Andrew Get's His First Bike

Andrew Gets His First Bike

FTLComm - Imperial
May 18, 2001

Freedom, accomplishment, a rite of passage, all of those things are part of growing up and getting your first bicycle and learning to ride it have to be one of the turning points in a child's life.

It was the early spring of 1977 time to celebrate birthday number three. To say that this boy was energetic would be like saying ice was cool. He seemed to be exploding with vigour and his mind and body could barely keep up with his race toward getting old, getting bigger, getting faster and doing everything that could be done with a body that size.

It was the time of Steve Austin, a television show about the $6,000,000 man, an astronaut with cybernetic implants who could run as fast as a speeding car, leap over buildings, you get the the picture. This little man loved the energy of the show and would climb atop the back of the sofa and bound from there to the floor and to the top of the arm chair without the cybernetic implants.
The tires on his tricycle were
bald from spinning his front wheel on the sidewalk his father had built in the yard and the back tires had no treads either, from sliding turns, it was time to put this guy on a two wheeler.

As quick as he could polish off a piece of chocolate birthday cake, the transition to two wheeled bicycle rider was almost automatic. His new bike was of the vintage of the day with a sissy bar at the back of the seat and with his father jogging along holding that sissy bar in less than a minute the trick of balancing a two wheeler was automatic and the supercharged legs of this three year old made the bike hurl down the street with a puffing father only a few feet away.

Around the corner down a block an on to the main street of Imperial the procession went. Older brother on his bike, the neighbours kids on theirs with Ann-Marie (who could fly, but that's another story) jogging along behind the boy's father. The high chopper handles of the era gave a rider great arm pulling power but could snap the front wheel almost cross wise in an instant. That's what happened and the birthday boy became a missile predictably taking the fall on the head.

We weren't sure if he was unconscious or not, he was shaken up but with little or no whimpering he was determined to mount up and ride away. Instead his father guided him home as they walked the bike back to the yard. Mom gave him a nervous once over and though he seemed a bit subdued this guy was demanding to ride again.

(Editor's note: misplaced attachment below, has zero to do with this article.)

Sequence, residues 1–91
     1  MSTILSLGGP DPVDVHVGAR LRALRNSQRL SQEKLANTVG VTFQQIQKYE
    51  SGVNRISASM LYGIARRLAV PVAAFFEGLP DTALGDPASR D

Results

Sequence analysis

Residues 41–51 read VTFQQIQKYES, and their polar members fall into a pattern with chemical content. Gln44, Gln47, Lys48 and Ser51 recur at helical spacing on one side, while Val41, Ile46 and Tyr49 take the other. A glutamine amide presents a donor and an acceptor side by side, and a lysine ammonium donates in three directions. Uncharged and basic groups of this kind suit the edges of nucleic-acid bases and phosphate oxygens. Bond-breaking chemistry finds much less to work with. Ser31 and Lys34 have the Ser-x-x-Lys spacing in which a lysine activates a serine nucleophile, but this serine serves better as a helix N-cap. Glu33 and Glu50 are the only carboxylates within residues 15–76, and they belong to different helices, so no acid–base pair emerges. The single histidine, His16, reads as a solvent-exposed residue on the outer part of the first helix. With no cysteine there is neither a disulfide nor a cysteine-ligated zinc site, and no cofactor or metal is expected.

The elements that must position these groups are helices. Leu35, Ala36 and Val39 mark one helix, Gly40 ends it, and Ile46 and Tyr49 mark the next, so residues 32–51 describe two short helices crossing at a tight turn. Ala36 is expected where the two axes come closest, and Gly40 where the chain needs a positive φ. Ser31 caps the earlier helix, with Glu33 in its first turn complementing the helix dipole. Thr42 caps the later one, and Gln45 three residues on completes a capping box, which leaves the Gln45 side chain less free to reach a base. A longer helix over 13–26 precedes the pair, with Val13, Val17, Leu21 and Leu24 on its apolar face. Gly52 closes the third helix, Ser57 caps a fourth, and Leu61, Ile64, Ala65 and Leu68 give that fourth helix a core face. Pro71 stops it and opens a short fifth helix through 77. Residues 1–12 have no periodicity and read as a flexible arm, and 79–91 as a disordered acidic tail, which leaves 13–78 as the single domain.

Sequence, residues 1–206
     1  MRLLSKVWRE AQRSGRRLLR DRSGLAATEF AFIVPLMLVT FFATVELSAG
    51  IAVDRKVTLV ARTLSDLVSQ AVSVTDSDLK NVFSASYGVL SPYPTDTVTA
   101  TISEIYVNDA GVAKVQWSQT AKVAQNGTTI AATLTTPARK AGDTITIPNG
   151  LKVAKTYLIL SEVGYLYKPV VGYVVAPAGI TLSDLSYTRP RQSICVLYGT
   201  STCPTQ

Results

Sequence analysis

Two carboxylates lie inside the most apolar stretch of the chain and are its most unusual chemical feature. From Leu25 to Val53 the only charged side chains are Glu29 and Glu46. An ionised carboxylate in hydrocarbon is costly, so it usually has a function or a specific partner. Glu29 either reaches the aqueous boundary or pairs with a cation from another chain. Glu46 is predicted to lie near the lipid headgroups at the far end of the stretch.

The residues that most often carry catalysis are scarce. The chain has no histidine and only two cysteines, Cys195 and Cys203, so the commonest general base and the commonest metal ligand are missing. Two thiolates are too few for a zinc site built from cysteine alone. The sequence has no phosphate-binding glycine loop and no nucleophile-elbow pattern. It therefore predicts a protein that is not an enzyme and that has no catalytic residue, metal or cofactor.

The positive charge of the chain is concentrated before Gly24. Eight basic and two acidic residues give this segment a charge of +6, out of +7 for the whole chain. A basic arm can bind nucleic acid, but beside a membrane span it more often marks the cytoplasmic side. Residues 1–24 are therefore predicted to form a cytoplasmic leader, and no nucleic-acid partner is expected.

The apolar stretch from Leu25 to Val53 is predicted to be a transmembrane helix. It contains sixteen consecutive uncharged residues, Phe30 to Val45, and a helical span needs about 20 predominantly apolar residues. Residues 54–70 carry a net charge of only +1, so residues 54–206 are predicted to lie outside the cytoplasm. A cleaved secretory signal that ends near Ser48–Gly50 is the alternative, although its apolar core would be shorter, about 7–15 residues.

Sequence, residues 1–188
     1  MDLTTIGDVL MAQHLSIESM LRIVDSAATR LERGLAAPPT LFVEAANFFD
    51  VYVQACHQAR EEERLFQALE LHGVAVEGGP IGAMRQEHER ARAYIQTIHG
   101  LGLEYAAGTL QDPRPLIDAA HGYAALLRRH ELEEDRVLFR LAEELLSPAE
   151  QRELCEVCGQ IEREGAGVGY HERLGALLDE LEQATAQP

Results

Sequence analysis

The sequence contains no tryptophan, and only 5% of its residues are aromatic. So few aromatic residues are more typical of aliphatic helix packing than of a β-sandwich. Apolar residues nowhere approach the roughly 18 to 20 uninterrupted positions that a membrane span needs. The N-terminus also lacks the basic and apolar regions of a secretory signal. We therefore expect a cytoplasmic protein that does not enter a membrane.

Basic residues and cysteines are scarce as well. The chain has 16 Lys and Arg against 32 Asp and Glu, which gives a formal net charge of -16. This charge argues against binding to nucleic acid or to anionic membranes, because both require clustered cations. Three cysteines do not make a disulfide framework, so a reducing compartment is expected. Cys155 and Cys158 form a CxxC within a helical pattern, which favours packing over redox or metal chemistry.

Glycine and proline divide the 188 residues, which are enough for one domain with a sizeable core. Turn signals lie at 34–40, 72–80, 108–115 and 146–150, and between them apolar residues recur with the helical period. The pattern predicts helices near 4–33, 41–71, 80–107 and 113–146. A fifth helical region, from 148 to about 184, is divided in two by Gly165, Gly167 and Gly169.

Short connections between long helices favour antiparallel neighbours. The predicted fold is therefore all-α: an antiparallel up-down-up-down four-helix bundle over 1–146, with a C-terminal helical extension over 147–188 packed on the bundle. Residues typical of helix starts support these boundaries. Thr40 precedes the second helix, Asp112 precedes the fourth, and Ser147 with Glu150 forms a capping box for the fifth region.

In 1977 bicycle helmet had not yet been invented so a Cooper SK300 hockey helmet was out of the hockey bag and firmly strapped on. Helmet in place the parade was back in motion, the father was played out in a few minutes but up and down the street around the block back and forth on the sidewalk in the yard, down the back alley. Round and round the perpetual motion boy went for that day and each day there after, so much so that by fall that bike needed new tires.

The tires were inexpensive and saved the living room furniture and when winter came that year his mother asked about what he thought he would like for Christmas. The answer was simple and resolute, "keys". So it was that he had spotted some television programmes showing cross country skiing and for Christmas that year each member of the family had cross country skis Each weekend for the next four years, every winter weekend when the temperature would permit and sometimes when it didn't, he lead his family cross country.

This came to an end when trying out the downhill ski hill in Watson Lake Yukon, wearing wood skis, he had a wonderful end over end crash and was cursed by the ski hill people for the rest of the season because there were bits and pieces of those destroyed skis all over the hill. The cyberboy's ski-hill crash was so complete that the bindings on the cross country skis had remained on his feet and all that remained of the skis were less than a foot of wood connected to the binding on each foot. No injury occurred but the wrath of Jenny, the ski patrol on the hill, was to take the edge off of survival. New downhill boots and skis were to follow immediately and the following year he was competing in the BC Northern Winter games.